Pediatric Priority Review Vouchers: A Subtle Upgrade to Renewal PlansJuly 15, 2015
By Alexander J. Varond –
On July 10, 2015, the U.S. House of Representatives passed the 21st Century Cures Act. In all, there were 344 “yes” votes and only 77 “no” votes, with half of the “yes” votes coming from Republicans and the other half coming from Democrats. We have blogged on the 21st Century Cures Act here and here. In addition, the House has provided a two-page summary and a section-by-section summary of the current legislation.
Although the overall 21st Century Cures Act is not the topic of this blog post, we give its passage in the House prominence here because it includes the most developed proposal for the renewal of FDA’s rare pediatric disease priority review voucher program (Pediatric PRV program). We have blogged extensively on the Pediatric PRV program, including here and here. Without congressional action, FDA will be unable to grant Pediatric PRVs after mid-March 2016 (see our post on the program’s sunset here).
Recall that the Pediatric PRV program was developed as a means to encourage the development of therapies to treat rare diseases that primarily affect children. Since the program’s inception in 2012, three sponsors have received Pediatric PRVs. Pediatric PRVs have been issued for:
- Vimizim (elosulfase alfa) for mucopolysaccharidosis type IVA (a rare, severely debilitating and progressive disease);
- Unituxin (dinutuximab) for high-risk neuroblastoma (a rare pediatric cancer); and
- Cholbam (cholic acid) for bile acid synthesis disorders due to single enzyme defects and for peroxisomal disorders (including Zellweger spectrum disorders) (both inborn errors of metabolism).
Industry has taken considerable interest in the Pediatric PRV program. After all, the most recent priority review voucher sold for an incredible $245 million dollars. Here is a rundown of the publicly announced sales of priority review vouchers to date:
Table 1: PRV Sales Data
Feb. 14, 2014
July 30, 2014
Mar. 19, 2014
Nov. 19, 2014
Mar. 17, 2015
May 27, 2015
Despite significant interest in the Pediatric PRV program, thereis concern related to the program’s unpredictable availability. Stated another way, companies do not know whether the Pediatric PRV program will be reauthorized or how long it will be authorized for. This uncertainty has had a considerable chilling effect.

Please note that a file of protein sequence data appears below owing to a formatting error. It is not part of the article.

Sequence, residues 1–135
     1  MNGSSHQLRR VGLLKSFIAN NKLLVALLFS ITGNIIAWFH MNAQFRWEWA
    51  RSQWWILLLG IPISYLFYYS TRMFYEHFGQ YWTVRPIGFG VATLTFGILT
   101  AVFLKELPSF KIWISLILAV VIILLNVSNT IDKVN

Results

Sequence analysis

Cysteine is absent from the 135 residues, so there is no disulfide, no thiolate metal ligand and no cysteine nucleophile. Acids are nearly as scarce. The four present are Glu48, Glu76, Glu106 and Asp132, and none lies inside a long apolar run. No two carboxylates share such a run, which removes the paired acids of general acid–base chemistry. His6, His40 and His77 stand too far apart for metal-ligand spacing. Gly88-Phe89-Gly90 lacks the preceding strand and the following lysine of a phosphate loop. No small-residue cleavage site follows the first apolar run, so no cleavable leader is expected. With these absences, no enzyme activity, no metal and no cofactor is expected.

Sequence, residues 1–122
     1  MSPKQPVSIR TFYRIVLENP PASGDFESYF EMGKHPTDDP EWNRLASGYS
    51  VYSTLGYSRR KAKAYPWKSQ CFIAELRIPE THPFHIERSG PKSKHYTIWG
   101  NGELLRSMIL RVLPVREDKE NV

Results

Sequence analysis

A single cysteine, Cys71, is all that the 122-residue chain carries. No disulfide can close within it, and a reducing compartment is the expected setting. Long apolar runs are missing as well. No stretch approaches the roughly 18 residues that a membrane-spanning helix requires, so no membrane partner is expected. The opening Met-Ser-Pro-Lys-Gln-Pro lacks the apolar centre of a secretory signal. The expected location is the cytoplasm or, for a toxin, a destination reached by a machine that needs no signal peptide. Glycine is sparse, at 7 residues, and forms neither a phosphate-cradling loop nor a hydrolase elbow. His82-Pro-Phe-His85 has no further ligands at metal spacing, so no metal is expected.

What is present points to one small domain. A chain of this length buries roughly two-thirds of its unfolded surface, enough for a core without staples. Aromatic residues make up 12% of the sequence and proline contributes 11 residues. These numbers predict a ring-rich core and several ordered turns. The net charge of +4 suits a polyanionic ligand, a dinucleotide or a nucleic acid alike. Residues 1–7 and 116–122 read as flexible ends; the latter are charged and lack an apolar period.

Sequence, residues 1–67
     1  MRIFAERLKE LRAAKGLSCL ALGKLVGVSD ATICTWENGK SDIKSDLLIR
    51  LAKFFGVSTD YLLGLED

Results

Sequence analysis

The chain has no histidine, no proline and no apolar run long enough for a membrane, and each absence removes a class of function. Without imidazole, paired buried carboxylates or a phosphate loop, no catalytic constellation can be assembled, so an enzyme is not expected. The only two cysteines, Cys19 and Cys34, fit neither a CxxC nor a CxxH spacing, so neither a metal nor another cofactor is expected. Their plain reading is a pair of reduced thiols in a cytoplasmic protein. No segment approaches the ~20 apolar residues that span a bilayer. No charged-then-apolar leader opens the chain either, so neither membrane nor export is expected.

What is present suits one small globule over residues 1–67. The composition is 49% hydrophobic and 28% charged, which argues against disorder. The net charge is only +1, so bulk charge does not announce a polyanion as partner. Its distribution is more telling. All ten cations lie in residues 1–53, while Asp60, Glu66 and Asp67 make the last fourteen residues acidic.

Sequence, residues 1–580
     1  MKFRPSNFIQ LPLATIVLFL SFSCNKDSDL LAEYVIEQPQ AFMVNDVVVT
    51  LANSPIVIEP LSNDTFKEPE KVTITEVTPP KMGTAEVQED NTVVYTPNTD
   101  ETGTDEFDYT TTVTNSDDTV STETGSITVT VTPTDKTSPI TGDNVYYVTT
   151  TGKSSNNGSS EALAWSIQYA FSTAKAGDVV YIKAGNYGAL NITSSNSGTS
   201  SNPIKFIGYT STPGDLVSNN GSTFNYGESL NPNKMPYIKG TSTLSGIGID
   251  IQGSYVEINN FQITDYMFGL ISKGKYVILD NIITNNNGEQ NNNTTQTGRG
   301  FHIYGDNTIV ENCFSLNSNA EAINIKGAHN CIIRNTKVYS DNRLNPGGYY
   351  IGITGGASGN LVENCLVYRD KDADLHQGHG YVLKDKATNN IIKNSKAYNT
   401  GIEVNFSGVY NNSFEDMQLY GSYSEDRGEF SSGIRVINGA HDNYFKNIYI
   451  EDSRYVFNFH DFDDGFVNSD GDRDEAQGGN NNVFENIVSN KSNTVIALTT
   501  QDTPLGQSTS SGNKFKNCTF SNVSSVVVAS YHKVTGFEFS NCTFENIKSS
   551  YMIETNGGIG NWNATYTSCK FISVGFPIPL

A Change in the Proposed Legislation. The most recent version of the 21st Century Cures Act pegs the sunset of the program to the date on which a sponsor files its marketing application (so long as the drug is also designated as a drug for a rare pediatric disease prior to the sunset date). In the past, a sponsor’s marketing application had to be approved by the sunset date. This small change is significant—it creates more certainty because it does not subject sponsors’ eligibility to unpredictable delays in the review process.
Below, we catalogue the current law and recent proposals for reauthorizing the program.
Table 2: Pediatric PRV Sunset Provisions (Current Law and Recent Proposals)
Current law and proposals
Proposed Sunset Date
What Sunset Means
FDASIA § 908
(passed July 9, 2012)
1 year after issuance of 3rd Pediatric PRV
Program ends on sunset date
Advancing Hope Act (HR 1537)
(proposed Mar. 23, 2015)
Draft of 21st Century Cures Act (proposed May 15, 2015)
June 30, 2022
Program ends on sunset date
21st Century Cures Act (HR 6)
(passed by House July 10, 2015)
December 31, 2018
Applications submitted after sunset date are ineligible
A Proposal for a Different Sunset Date. Short of significantly increasing the duration of the program or making it permanent, it would be helpful if future legislation used a different sunset date. As the status quo demonstrates, timing on the reauthorization of the program is unpredictable and unpredictability can be costly. Therefore, instead of designating an arbitrary sunset date (e.g., December 31, 2018), the sunset date of the Pediatric PRV program could be tied to the sunset date of the Prescription Drug User Fee Act (PDUFA) authorization (e.g., September 30, 2022).
By tying the sunset of the Pediatric PRV program to the sunset date of PDUFA authorization, the Pediatric PRV program would have a predictable platform on which it could be reauthorized. With the predictable timing of PDUFA reauthorization, the timing of the Pediatric PRV program’s reauthorization would also be more predictable. As a result, sponsors could plan better and invest more in developing the therapies that the program intends to encourage—therapies for rare pediatric diseases.